Brian Fiani1, Thao Doan2, Claudia Covarrubias3, Jennifer Shields4, Manraj Sekhon5, Alexander Rose6
  1. Department of Neurosurgery, Desert Regional Medical Center, Palm Springs, California, United States.
  2. University of Texas Medical Branch at Galveston, Galveston, Texas, United States,
  3. School of Medicine, Anahuac Querétaro University, Santiago de Querétaro, México,
  4. College of Human Medicine, Michigan State University, East Lansing, Michigan, United States.
  5. William Beaumont School of Medicine, Oakland University, Rochester, Michigan, United States.
  6. School of Medicine, University of New Mexico, Albuquerque, New Mexico, United States.

Correspondence Address:
Brian Fiani
School of Medicine, University of New Mexico, Albuquerque, New Mexico, United States.


Copyright: © 2021 Surgical Neurology International This is an open-access article distributed under the terms of the Creative Commons Attribution-Non Commercial-Share Alike 4.0 License, which allows others to remix, tweak, and build upon the work non-commercially, as long as the author is credited and the new creations are licensed under the identical terms.

How to cite this article: Brian Fiani1, Thao Doan2, Claudia Covarrubias3, Jennifer Shields4, Manraj Sekhon5, Alexander Rose6. Determination and optimization of ideal patient candidacy for anterior odontoid screw fixation. 19-Apr-2021;12:170

How to cite this URL: Brian Fiani1, Thao Doan2, Claudia Covarrubias3, Jennifer Shields4, Manraj Sekhon5, Alexander Rose6. Determination and optimization of ideal patient candidacy for anterior odontoid screw fixation. 19-Apr-2021;12:170. Available from:

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Background: Odontoid process fractures are one of the most common spine fractures, especially in patients over age 70. There is still much controversy over the ideal candidate for anterior odontoid screw fixation (AOSF), with outcomes affected by characteristics such as fracture morphology, nonideal body habitus, and osteoporosis. Therefore, this systematic review seeks to discuss the optimal criteria, indications, and adverse postoperative considerations when deciding to pursue AOSF.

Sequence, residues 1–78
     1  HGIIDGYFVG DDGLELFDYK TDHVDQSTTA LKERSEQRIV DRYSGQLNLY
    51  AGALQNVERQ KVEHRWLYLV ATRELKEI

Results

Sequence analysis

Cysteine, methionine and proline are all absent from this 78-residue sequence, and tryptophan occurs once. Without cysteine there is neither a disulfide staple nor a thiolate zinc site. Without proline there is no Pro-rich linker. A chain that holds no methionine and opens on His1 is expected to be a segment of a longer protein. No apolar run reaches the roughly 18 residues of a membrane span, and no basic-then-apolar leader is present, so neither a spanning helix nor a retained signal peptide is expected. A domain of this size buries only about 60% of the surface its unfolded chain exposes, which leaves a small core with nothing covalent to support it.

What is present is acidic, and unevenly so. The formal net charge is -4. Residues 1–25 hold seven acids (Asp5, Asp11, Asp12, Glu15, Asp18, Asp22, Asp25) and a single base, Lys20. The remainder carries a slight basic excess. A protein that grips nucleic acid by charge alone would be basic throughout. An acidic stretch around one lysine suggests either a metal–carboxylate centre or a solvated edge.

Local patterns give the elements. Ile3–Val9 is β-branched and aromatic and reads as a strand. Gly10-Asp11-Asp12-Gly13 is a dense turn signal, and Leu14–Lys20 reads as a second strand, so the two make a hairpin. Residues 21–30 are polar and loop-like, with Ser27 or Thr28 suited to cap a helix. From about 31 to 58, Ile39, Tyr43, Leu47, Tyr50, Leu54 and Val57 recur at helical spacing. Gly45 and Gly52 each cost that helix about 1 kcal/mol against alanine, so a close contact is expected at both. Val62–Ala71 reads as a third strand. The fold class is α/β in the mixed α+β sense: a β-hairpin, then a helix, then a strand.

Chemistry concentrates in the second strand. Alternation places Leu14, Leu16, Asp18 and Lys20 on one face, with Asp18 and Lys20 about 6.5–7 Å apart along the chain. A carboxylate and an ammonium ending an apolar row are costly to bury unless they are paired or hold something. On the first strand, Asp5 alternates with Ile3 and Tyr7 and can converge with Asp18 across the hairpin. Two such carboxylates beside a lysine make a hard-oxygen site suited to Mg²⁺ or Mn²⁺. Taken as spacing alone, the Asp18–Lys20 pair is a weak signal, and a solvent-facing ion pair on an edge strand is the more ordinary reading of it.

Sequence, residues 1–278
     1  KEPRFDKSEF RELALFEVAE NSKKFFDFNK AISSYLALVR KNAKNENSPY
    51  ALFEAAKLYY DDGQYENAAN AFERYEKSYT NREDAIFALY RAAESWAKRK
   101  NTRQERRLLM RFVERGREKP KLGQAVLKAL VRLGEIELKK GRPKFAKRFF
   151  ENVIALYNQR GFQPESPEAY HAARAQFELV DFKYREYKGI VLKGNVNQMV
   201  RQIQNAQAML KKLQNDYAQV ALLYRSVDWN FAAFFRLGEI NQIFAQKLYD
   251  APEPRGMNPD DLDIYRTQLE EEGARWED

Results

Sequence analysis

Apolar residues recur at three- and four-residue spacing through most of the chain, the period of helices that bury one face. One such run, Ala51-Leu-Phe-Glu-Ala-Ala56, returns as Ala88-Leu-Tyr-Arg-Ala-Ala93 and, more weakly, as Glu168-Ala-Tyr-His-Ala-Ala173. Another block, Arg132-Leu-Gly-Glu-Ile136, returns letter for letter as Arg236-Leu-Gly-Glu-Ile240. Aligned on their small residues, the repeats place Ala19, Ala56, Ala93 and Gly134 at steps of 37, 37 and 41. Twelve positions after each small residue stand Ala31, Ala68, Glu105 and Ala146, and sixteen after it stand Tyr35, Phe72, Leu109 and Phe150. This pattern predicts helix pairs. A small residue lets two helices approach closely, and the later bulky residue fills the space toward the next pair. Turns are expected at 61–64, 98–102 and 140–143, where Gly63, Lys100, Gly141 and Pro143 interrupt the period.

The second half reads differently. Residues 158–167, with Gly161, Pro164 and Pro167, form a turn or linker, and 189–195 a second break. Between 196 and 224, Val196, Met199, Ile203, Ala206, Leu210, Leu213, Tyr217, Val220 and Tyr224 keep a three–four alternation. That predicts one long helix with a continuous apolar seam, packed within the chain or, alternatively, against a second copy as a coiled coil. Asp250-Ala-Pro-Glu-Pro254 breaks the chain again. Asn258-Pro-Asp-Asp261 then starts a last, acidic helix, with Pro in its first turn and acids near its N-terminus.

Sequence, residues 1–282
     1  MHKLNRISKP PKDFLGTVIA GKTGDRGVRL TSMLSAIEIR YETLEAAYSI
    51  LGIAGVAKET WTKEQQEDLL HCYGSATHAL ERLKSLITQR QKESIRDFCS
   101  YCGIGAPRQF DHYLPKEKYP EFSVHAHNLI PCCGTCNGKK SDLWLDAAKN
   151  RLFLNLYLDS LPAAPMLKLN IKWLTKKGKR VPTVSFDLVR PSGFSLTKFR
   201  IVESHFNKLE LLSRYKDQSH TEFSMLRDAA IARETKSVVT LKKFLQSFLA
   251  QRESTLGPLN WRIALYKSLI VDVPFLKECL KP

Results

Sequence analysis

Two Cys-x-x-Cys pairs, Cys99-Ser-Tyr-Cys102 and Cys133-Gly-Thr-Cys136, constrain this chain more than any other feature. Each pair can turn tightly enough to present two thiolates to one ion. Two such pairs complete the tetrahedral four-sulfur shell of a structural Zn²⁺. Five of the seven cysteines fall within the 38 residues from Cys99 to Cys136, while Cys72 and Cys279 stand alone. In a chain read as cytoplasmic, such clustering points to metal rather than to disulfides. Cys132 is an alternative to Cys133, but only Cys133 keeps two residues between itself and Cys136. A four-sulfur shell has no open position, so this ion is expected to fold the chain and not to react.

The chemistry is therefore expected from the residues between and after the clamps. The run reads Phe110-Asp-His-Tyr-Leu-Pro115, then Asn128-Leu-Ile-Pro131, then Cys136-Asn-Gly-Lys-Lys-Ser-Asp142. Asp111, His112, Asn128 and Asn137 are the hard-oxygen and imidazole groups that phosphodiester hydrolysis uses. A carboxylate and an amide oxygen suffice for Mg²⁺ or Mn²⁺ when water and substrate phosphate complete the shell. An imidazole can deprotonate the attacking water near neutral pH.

Methods: This investigation was conducted from experiential recall and article selection performed using the PubMed electronic bibliographic databases. The search yielded 124 articles that were assessed and filtered for relevance. Following the screening of titles and abstracts, 48 articles were deemed significant for final selection.

Results: AOSF is often utilized to treat Type IIB odontoid fractures, which has been shown to preserve atlantoaxial motion, limit soft-tissue injuries/blood loss/vertebral artery injury/reduce operative time, provide adequate osteosynthesis, incur immediate spinal stabilization, and allow motion preservation of C1 and C2. However, this technique is limited by patient characteristics such as fracture morphology, transverse ligament rupture, remote injuries, short neck or inability to extend neck, barrel chested, and severe spinal kyphosis, in addition to adverse postoperative outcomes such as dysphagia and vocal cord paralysis.

Conclusion: Due to the fact that odontoid fractures have a significant morbidity in elderly population, treatment with AOSF is generally recommended for this population with higher risk for nonoperative fusion. Considerations should be made to achieve fracture stability and fusion, while lowering the risk for operative and postoperative complications.

Keywords: Cervical fusion, Odontoid fracture, Odontoid screw fixation, Spinal fixation, Traumatic spinal injury